Date of Award
Doctor of Philosophy
Douglas E. Jones
Leishmaniasis is a vector-borne zoonotic disease caused by obligate intracellular protozoan parasites of the genus Leishmania. Infection of C3HeB/FeJ and C57BL/6 mice with Leishmania major stimulates a healing cell-mediated immune response, while Leishmania amazonensis infection leads to chronic disease. Here we show C3HeB/FeJ mice co-infected with both species of Leishmania heal, while co-infected C57BL/6 mice do not. Using an in vitro killing assay we determined B cells from infected C57BL/6 mice are ineffective in promoting parasite killing compared to B cells from infected C3HeB/FeJ mice. Furthermore, infected C57BL/6 mice produce less antigen-specific antibodies as compared to infected C3HeB/FeJ mice. The mechanism behind the inability of C57Bl/6 mice to heal L. amazonensis is not known. Here we describe for the first time a difference in the draining lymph node germinal center B cell response between co-infected C3H and B6 mice. There are more germinal center B cells, more antibody isotype-switched germinal center B cells, more memory B cells and more antigen-specific antibody-producing cells in co-infected C3H mice compared to B6 mice as early as 2 weeks post-infection. We also show that IL-21 production in both mouse strains is similar at 2 weeks, suggesting the difference in these mouse strains is due to intrinsic B cell differences, rather than a difference in IL-21 production within germinal centers.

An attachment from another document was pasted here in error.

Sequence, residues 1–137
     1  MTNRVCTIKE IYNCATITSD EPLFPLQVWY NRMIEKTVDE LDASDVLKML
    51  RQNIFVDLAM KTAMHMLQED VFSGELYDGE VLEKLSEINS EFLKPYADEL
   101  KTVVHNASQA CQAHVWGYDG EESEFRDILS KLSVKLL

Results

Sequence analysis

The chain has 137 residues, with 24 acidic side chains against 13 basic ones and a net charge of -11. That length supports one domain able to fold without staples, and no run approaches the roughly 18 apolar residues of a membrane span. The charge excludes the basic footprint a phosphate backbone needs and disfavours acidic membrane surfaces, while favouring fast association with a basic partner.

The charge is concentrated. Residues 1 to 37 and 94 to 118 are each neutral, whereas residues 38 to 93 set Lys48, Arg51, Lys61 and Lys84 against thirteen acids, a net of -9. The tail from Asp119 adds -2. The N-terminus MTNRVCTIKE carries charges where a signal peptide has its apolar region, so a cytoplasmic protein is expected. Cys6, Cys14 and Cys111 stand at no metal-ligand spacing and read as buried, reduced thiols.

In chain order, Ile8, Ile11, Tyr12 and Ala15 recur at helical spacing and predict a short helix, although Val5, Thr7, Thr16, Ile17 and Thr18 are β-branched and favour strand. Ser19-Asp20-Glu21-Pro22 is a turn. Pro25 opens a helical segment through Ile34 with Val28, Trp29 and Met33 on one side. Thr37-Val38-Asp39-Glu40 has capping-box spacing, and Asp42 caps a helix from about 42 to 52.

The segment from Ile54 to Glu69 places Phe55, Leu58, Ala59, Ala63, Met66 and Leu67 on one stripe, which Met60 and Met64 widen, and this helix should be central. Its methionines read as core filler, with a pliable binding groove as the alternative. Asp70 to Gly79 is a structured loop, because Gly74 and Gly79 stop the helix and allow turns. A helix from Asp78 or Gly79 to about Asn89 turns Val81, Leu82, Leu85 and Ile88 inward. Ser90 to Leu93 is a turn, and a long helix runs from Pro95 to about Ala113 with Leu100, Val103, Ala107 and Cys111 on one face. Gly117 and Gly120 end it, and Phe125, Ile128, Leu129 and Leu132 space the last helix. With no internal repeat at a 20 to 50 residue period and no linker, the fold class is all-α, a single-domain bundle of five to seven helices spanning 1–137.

Mice infected with L. amazonensis have a non-polarized T helper cell response and non-healing, chronic lesions. In vitro, a productive response to this pathogen has been recapitulated through macrophage production of both nitric oxide and superoxide. We show FcγR and cytochrome b558 are necessary for superoxide production during an established infection. We demonstrate NADPH oxidase assembly of gp91phox and p67phox occurs by day 1 during the in vitro infection and is localized directly adjacent to the parasite. However, measurable superoxide production was only detectable at day 5 in vitro, indicating that assembly of these subunits was not sufficient to trigger superoxide production. Using wortmannin inhibition of PI3K, we show inhibition of superoxide production at day 5 and indicating that PI3K is critical for superoxide production at this late stage of infection. These data establish that the FcγR-NADPH oxidase activation pathway is required to kill intracellular L. amazonensis. We propose that this novel pathway requires L. major antigen-specific B cell production of antibodies which bind stimulatory Fcγ receptors to produce superoxide through PI3K-mediated activation of assembled NADPH oxidase complexes that are associated with intracellular amastigote parasites. Understanding the role of this pathway in controlling non-healing cutaneous leishmaniasis caused by L. amazonensis may be critical in determining specific immunomodulation to successfully treat this disease.
Katherine Nicole Gibson-corley
Gibson-corley, Katherine Nicole, "Understanding the role of B cells during Leishmania amazonensis infection" (2010). Graduate Theses and Dissertations. 11418.